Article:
To know God and to make Him known.

The First Debate

"Did God really say?"  And so began the first debate.  Satan, the original sophist, uses his crafty rhetoric for his own pleasure and benefit.  His exordium, a simple question, sets the tragic events into motion. Eve's response is most intriguing:  "God did say, ‘You must not eat fruit from the tree that is in the middle of the garden, and you must not touch it, or you will die'" (Genesis 3:3).  Not only does she misquote God's instruction to Adam, but she also fails to recognize one significant detail...There were two trees in the middle of the garden, The Tree of Life and the Tree of the Knowledge of Good and Evil.  The affirmative team has come to the podium completely uninformed and ill prepared.

Nonetheless, once their eyes were opened to the knowledge of good and evil, it became mankind's thesis, and the debate has since divided the human race.  Good and evil, right and wrong, beautiful and vulgar, moral and immoral has extended to debates over regions, race, and religion.  Since the beginning of time, armed with our great knowledge, we have been on a quest to prove we are right and others are wrong.  It is used to judge, persecute, and shame.  It pervades social media like the kudzu vine climbs and coils its way through a dense forest.  It is a weapon wielded against people and people groups.  Our knowledge of good and evil has turned us against each other.  Score for the negative team!

This is why our students learn debate skills in the Challenge program.  If Classical Conversations education exists to know God and to make Him known, then the quest for the CC family is to use this knowledge in a way that brings honor and glory to the Creator of that knowledge. When students learn to debate, they do so that they may learn how to stand confidently in the face of false rhetoric, misrepresentations, and fallacious attacks; they do so that they may listen closely, attentively, and respectfully to someone whose views oppose theirs; they do so that they may articulate the gospel of Jesus Christ and their testimony of all He has done in their lives; they do so that they can carry the name of Christ to the world in a way that reflects the love of the Abba, the Father who first loved us with such a passion that He "emptied himself" and gave His life for all of mankind (Philippians 2:7).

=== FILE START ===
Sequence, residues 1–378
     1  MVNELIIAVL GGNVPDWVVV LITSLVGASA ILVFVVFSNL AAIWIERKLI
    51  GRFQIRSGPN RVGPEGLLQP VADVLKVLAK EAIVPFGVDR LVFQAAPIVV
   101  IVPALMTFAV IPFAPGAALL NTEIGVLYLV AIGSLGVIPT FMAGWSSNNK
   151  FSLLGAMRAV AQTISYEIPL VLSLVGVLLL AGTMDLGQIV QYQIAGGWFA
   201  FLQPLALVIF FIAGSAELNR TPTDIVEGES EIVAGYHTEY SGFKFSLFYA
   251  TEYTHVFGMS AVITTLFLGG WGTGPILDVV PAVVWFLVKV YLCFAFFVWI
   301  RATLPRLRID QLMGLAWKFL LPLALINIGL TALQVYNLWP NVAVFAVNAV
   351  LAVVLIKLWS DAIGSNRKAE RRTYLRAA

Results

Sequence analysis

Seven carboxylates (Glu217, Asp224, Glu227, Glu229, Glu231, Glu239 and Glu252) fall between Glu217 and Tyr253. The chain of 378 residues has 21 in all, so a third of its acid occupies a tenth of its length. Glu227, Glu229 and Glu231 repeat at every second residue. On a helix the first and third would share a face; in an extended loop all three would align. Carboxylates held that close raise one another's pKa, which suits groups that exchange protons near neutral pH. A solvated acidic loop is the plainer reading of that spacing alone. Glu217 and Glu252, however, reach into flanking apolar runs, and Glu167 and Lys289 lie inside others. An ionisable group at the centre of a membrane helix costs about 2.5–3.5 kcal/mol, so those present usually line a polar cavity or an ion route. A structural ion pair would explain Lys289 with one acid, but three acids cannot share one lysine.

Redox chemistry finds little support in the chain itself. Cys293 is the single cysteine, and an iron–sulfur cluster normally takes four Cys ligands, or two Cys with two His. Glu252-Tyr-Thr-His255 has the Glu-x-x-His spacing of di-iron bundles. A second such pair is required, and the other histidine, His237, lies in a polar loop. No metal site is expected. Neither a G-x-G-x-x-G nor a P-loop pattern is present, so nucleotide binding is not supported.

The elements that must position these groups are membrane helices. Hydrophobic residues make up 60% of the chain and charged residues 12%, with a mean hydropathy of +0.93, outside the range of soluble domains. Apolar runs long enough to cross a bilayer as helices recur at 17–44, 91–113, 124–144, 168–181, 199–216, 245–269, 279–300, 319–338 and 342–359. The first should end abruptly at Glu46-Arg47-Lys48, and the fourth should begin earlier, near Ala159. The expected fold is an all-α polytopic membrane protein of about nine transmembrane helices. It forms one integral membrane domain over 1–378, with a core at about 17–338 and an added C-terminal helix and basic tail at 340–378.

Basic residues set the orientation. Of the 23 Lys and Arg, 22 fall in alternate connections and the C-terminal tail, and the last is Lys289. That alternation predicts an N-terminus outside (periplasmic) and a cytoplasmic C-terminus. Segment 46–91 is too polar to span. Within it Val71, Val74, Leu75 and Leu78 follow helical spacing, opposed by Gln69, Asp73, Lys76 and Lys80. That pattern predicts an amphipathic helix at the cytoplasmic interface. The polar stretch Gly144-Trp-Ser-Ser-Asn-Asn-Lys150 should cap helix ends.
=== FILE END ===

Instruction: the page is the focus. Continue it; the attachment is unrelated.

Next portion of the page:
The entire scene in Genesis evokes a myriad of questions about choice, our integrated theme in Challenge II.  For instance, why did God place two trees in the center of the garden?  Why tell Adam that they may eat from one and not the other?  Why does the serpent choose the tree as his thesis?  Why choose Eve as his opponent?  The questions, which great theologians have speculated about and tried to interpret since antiquity, are endless.  While our knowledge may be limited and our reason may fail us, God always has the proper response.

Hosea 6:3 tells us, "Then we shall know, if we follow on to know the Lord."  In his devotional message, Charles Spurgeon gives an insightful interpretation of this passage:

Our duty is to keep to our main topic and follow on to know, not this peculiar doctrine nor that, but Jehovah Himself. To know Father, Son, and Spirit, the Triune God, this is life eternal. Let us keep to this, for in this way we shall gain complete instruction...My soul, keep thou close to Jesus, follow on to know God in Jesus, and so shalt thou come to the knowledge of Christ, which is the most excellent of all the sciences. (The Spurgeon Archive)

Echoing this sentiment is the CC doxology, which has taught us that the difference between a secular education and a Christian classical education is that knowledge is Christ-centered.  Undoubtedly, the first debate wages on throughout the world, but the affirmative team has a different thesis that is centered around Jesus Christ, the vine abounding in truth and beautifying the branches of the Tree of Life.

CATEGORIES: Articles, Big Ideas: Truth, Beauty, Goodness and more!, Classical Christian Education, Dialectic Stage (ages 12 to 14), Rhetoric Stage (ages 14 to 18)

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